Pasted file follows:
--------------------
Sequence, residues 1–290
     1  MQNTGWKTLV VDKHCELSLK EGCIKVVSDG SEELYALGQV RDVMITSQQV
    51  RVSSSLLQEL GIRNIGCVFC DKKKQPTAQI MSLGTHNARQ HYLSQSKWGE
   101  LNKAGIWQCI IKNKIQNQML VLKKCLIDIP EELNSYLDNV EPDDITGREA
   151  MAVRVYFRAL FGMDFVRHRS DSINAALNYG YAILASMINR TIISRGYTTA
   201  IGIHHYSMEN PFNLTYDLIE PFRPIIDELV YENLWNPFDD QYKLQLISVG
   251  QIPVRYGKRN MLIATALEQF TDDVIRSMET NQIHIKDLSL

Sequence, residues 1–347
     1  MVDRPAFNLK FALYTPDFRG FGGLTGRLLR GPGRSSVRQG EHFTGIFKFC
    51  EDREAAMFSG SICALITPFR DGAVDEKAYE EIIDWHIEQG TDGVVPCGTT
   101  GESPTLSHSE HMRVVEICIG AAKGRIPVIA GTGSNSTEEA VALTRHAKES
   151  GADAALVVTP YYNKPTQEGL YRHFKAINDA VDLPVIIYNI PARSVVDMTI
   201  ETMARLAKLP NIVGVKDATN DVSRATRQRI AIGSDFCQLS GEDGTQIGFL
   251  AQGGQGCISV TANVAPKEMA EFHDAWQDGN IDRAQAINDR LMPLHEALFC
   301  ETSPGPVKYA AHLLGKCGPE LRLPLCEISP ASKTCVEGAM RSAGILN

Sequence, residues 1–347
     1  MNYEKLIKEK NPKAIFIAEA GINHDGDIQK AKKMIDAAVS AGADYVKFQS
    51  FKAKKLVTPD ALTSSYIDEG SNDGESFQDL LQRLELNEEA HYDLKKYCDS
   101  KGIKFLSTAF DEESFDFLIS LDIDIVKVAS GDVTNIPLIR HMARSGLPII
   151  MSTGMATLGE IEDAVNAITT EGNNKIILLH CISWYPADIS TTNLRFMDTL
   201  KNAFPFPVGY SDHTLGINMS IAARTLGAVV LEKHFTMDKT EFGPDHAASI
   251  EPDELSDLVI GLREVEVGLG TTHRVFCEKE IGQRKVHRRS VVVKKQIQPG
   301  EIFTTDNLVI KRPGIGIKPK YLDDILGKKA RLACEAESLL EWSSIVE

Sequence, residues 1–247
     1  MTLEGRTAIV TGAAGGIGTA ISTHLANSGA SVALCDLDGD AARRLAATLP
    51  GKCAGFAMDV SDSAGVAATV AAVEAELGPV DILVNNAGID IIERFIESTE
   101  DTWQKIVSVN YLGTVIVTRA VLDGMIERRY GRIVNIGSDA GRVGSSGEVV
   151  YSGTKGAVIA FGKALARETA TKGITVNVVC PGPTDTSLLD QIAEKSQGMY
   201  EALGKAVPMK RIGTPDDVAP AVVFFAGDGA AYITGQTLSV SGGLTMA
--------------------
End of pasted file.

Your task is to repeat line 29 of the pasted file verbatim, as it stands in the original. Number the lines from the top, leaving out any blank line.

   201  EALGKAVPMK RIGTPDDVAP AVVFFAGDGA AYITGQTLSV SGGLTMA